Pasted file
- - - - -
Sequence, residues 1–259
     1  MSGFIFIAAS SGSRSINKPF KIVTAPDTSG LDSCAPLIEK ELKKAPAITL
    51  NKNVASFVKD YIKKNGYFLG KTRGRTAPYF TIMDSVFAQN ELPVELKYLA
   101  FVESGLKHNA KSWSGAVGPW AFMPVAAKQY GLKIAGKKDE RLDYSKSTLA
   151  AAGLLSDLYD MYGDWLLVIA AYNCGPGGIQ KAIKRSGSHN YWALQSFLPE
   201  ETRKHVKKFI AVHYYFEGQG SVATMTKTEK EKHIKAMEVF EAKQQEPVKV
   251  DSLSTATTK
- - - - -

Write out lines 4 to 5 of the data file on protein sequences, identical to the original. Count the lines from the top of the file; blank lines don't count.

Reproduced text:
   101  FVESGLKHNA KSWSGAVGPW AFMPVAAKQY GLKIAGKKDE RLDYSKSTLA
   151  AAGLLSDLYD MYGDWLLVIA AYNCGPGGIQ KAIKRSGSHN YWALQSFLPE